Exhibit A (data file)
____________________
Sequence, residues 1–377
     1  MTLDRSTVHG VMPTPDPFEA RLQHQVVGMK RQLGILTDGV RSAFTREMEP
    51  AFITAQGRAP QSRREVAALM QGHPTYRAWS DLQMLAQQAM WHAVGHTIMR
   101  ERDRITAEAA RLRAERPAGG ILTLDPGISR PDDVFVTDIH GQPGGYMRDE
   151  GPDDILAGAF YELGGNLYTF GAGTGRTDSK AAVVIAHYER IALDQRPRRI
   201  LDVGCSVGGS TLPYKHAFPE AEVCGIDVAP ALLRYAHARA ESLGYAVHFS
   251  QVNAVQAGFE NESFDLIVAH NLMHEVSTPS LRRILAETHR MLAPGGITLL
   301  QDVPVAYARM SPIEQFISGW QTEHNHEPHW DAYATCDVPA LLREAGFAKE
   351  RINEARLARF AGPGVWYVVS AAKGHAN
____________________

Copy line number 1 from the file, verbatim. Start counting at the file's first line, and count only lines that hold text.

Sequence, residues 1–377